Right-Wing Tax And Budget Myths

Right-Wing Tax And Budget Myths
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by Faiz Shakir, Amanda Terkel, Satyam Khanna, Matt Corley, Benjamin Armbruster, Ali Frick, Ryan Powers, and Pat Garofalo

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Yesterday, the Obama administration released its fiscal year 2010 budget, which lays out an ambitious course of action on health care reform, energy policy, and education while estimating a deficit of $1.75 trillion for the current fiscal year. The budget also includes "significant tax increases" for corporations and wealthy Americans that will increase revenue by nearly $2 trillion over the next 10 years. The proposal allows the Bush tax cuts on the top two income brackets to expire on time in 2011, reduces itemized deductions for those making more than $250,000 a year, raises the top rate on capital gains and dividends to 20 percent (from 15), and closes the capital-gains loophole so that hedge fund and other private-equity managers have their profits taxed as ordinary income instead of capital gains. The budget also proposes a cap-and trade program that would auction permits to companies that emit greenhouse gases, with the revenue directed toward President Obama's Making Work Pay tax credit. As the Center for American Progress's Michael Ettlinger noted, these changes are "going to provoke outrage." But "were this budget to be enacted, it would be by far the most significant progressive step in over forty years," noted CAPAF Fellow Matt Yglesias. Conservatives are already propagating various myths about the budget; The Progress Report offers these debunks:

MYTH 1: OBAMA'S RAISING TAXES DURING A RECESSION: "If there's anything that economists on the left and the right agree on, that supply-siders, classic economists and Keynesians agree on, you don't raise taxes in a recession," said Rep. Paul Ryan (R-WI). "This budget is raising taxes in a recession." The plan drew a similar rebuke from the American Petroleum Institute, the oil industry's most powerful trade group. However, as Office of Management and Budget Director Peter Orszag said, "[F]olks need to actually look at the budget document." To avoid raising taxes during the recession, the increases will not take effect until 2011. Furthermore, the economic stimulus package signed into law by Obama last week enacted one of the largest tax cuts ever, which made good on Obama's campaign promise to cut taxes for 95 percent of Americans. The first benefits from these cuts should be seen no later than April 1, 2009.

MYTH 2: TAX INCREASES WILL RUIN ECONOMIC GROWTH: The Heritage Foundation claimed that Obama's tax proposals "sacrifice future economic growth at the altars of redistributionism," while House Minority Leader John Boehner (R-OH) called the budget a "job killer." But as Orszag said, "[W]e're returning to the tax rates that applied during the 1990's. I think all Americans -- including high income Americans -- did quite well during that decade." The Center for Budget and Policy Priorities pointed out that "what the data do show clearly is that, despite major tax cuts in 2001, 2002, 2003, 2004, and 2006, the economy's performance between 2001 and 2007 was far from stellar." As CAP's Joshua Picker found, the Bush economy "registered the weakest jobs and income growth in the post-war period. Overall monthly job growth was the worst of any cycle since at least February 1945, and household income growth was negative for the first cycle since tracking began in 1967." Women reversed employment gains of previous cycles, and for African-Americans, the worst job growth on record was matched by an unprecedented increase in poverty. Businesses didn't fare any better, as the Bush tax cuts "were actually followed by a pronounced decrease in the fraction of G.D.P. devoted to business investment." Business investment fell after both the Reagan and Bush tax cuts, but rose after the Clinton tax increase, according to work by Princeton professor Uwe Reinhardt.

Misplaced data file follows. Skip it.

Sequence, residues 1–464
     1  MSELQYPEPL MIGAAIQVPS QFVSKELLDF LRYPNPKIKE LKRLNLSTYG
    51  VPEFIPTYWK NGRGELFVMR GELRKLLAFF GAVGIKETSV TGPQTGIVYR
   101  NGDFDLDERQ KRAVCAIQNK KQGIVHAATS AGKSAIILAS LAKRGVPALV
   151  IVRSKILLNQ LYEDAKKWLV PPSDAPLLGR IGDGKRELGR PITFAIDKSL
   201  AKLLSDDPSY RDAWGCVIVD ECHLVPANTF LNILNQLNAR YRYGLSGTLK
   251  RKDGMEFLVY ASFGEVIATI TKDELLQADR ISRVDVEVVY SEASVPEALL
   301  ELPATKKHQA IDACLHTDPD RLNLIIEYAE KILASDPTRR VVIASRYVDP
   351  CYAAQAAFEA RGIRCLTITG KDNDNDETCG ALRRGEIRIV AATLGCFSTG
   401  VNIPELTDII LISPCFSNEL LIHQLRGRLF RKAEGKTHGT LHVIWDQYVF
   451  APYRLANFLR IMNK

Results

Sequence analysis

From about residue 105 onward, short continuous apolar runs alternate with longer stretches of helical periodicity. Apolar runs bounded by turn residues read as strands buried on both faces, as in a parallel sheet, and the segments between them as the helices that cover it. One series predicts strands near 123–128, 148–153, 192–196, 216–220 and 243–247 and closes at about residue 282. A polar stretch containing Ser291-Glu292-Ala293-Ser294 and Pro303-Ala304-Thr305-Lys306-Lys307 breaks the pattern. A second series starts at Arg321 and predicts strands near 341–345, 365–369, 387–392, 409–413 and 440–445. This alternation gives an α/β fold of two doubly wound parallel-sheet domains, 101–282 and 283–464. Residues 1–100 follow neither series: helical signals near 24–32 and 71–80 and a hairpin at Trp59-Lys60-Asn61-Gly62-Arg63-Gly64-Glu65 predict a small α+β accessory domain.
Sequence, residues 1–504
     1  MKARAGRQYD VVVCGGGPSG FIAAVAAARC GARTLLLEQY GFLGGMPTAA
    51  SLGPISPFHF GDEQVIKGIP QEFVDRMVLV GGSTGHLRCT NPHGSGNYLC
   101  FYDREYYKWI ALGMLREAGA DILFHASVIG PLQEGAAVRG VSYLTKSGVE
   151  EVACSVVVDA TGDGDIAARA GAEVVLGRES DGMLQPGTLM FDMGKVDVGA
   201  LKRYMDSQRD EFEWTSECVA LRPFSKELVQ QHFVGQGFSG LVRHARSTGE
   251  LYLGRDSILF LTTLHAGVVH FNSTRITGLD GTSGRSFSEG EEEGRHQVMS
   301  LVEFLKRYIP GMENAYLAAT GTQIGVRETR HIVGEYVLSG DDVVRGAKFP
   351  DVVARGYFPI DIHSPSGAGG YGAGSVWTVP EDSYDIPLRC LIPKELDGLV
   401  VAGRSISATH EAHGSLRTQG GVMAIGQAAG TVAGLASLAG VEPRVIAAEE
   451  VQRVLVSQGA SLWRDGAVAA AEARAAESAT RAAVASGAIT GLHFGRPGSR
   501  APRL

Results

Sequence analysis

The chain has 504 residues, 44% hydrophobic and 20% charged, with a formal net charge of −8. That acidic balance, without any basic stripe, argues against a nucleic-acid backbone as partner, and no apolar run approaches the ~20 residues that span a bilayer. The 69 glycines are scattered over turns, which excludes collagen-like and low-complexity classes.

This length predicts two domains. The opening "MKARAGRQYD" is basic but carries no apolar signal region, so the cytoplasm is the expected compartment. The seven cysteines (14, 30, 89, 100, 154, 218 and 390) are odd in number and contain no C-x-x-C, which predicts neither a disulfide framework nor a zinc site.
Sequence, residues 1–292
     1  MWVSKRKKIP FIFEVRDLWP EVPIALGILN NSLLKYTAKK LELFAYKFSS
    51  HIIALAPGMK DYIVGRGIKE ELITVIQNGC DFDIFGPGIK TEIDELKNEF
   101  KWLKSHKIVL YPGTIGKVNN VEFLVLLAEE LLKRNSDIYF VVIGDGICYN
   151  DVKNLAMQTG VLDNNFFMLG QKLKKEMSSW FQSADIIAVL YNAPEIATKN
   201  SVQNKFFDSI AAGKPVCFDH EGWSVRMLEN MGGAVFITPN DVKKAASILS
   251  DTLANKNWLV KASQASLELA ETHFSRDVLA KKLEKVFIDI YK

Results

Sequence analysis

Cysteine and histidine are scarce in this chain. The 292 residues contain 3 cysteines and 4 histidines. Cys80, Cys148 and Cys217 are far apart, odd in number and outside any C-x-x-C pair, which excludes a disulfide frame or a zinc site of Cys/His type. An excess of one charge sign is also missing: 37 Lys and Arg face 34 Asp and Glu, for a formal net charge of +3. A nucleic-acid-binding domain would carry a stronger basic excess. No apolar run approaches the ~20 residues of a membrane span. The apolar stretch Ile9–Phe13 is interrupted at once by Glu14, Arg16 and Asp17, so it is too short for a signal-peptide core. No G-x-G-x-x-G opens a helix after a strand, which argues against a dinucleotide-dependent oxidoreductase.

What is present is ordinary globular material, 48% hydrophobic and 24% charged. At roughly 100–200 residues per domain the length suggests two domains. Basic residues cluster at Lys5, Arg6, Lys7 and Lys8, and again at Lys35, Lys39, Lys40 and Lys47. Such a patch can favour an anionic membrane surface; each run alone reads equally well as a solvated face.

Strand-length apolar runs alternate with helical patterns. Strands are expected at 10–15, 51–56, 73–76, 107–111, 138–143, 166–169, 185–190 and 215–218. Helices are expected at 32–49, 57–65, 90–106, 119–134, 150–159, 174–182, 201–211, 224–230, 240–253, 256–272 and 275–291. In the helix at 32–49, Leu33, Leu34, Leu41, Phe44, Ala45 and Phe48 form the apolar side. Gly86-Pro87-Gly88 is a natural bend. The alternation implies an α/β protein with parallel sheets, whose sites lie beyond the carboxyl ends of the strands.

MYTH 3: TAX INCREASES WILL HARM SMALL BUSINESSES: Republicans, "knowing they will get little mileage from defending the rich, instead are casting the plan as a tax hit on people who run industrious little companies driving job growth," noted the AP. "A majority of those penalized by the proposed tax increase in this budget are small businesses," said Rep. Eric Cantor (R-VA). Sen. Jim DeMint (R-SC) said the proposal "shows a lack of understanding of the private sector." But as the Associated Press pointed out, Republicans are "adrift" on this one, as "many truly small operations simply don't make enough to qualify for the tax hit." Indeed, only 1.9 percent of small businesses file in the top two federal income tax brackets, which leaves 98.1 percent unaffected by the rate change. And because of the Treasury Department's broad definition of small business, "many of the roughly 650,000 filers with small-business income who face one of the top two tax rates are merely passive investors who have nothing to do with running the business." So "the $84 of income President Bush received in 2001 from a passive investment in an oil and gas company made him a 'small-business owner.'" Overall, only 0.7 percent of households file in the top two income brackets. As Yglesias wrote, "[A]ny small businessman who's earning a middle class income isn't paying in the top two brackets, just as any salaried employee who's earning a middle class income isn't paying in the top two brackets."

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